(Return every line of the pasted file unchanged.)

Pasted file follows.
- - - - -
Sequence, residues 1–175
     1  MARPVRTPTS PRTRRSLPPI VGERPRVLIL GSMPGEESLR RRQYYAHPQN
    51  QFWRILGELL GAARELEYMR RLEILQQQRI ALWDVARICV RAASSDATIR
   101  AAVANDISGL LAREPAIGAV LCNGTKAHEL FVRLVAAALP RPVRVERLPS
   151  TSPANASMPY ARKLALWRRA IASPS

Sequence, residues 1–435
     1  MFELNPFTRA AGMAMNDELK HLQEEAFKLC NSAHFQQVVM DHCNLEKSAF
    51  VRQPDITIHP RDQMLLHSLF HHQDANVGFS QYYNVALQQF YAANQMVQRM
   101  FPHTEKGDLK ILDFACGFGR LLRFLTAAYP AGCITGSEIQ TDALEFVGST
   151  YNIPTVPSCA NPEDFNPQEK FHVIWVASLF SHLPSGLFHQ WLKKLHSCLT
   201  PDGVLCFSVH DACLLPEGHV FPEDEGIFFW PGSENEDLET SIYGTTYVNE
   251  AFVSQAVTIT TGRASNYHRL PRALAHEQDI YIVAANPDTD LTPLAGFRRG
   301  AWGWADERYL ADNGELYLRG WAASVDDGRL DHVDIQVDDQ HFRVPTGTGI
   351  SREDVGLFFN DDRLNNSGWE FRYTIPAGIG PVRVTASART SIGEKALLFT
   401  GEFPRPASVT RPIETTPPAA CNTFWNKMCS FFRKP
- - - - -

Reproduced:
Sequence, residues 1–175
     1  MARPVRTPTS PRTRRSLPPI VGERPRVLIL GSMPGEESLR RRQYYAHPQN
    51  QFWRILGELL GAARELEYMR RLEILQQQRI ALWDVARICV RAASSDATIR
   101  AAVANDISGL LAREPAIGAV LCNGTKAHEL FVRLVAAALP RPVRVERLPS
   151  TSPANASMPY ARKLALWRRA IASPS

Sequence, residues 1–435
     1  MFELNPFTRA AGMAMNDELK HLQEEAFKLC NSAHFQQVVM DHCNLEKSAF
    51  VRQPDITIHP RDQMLLHSLF HHQDANVGFS QYYNVALQQF YAANQMVQRM
   101  FPHTEKGDLK ILDFACGFGR LLRFLTAAYP AGCITGSEIQ TDALEFVGST
   151  YNIPTVPSCA NPEDFNPQEK FHVIWVASLF SHLPSGLFHQ WLKKLHSCLT
   201  PDGVLCFSVH DACLLPEGHV FPEDEGIFFW PGSENEDLET SIYGTTYVNE
   251  AFVSQAVTIT TGRASNYHRL PRALAHEQDI YIVAANPDTD LTPLAGFRRG
   301  AWGWADERYL ADNGELYLRG WAASVDDGRL DHVDIQVDDQ HFRVPTGTGI
   351  SREDVGLFFN DDRLNNSGWE FRYTIPAGIG PVRVTASART SIGEKALLFT
   401  GEFPRPASVT RPIETTPPAA CNTFWNKMCS FFRKP